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Old 12-23-2014, 06:49 AM   #99
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I picked up one from Eric Sunday. I decided to solder the wires to the motor each time. It's pretty cool. Only lacking coil resistance and handled more current for actual load testing
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Old 12-23-2014, 10:22 AM   #100
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I like to tinker. Dyno's are something that I have dabbled in for years. I haven't gone the Turbo Dyno or the Fantom Dyno route, just haven't. Playing with the GForce, first thing I wish it would do is test under load. I see that it has a 30a max output, so I don't want to get aggressive load wise or I'll pop it.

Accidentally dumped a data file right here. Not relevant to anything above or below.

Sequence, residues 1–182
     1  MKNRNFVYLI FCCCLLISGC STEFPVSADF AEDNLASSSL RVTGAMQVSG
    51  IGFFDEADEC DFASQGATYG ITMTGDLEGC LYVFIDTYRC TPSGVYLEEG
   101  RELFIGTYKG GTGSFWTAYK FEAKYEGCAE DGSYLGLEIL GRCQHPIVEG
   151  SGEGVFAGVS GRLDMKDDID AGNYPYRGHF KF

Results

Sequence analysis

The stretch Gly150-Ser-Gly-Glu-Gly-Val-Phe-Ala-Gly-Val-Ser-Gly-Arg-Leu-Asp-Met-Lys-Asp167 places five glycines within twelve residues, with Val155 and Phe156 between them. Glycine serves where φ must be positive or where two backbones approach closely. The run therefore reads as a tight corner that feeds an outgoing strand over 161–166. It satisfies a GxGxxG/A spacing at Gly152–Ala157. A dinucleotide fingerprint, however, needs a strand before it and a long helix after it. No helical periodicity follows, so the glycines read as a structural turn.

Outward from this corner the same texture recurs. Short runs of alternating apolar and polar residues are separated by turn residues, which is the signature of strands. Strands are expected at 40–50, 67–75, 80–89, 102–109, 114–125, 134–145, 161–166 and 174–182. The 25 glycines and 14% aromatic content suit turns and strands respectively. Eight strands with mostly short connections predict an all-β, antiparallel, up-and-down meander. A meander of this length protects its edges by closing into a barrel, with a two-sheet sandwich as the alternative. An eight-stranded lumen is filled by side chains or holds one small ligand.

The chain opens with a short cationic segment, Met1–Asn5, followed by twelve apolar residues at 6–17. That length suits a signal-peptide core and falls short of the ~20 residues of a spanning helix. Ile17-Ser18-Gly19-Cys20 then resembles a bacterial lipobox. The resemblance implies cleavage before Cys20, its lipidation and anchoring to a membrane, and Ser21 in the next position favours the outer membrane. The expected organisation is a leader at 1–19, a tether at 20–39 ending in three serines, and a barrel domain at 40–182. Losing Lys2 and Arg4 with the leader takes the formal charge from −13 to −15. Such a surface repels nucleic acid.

I can't find free spin rpm as useful info.

KV rating is nice to know, but again, I do not see a transferable number to gear ratios or comparing other motors and have performance results show up as a result.

I am building a torque dyno that will measure rpm at set loads. It looks like something Tony Stark built in a cave with Fred Flintstone. Its rough. Its just concept. It looks like a torque wrench with brushless motors hooked up. The goal is to see how much torque can be produced at some fixed loads, read the rpm at that load, compare various timing, shimming, rotor strengths, etc.

Since I have pretty good race results, I know what a good motor should be. I can baseline result from there. From that, I can calculate motor rpm at top speed as a load test. Then I will select some loads less then that rpm as midfield load tests. I will be able to plot out info with that data.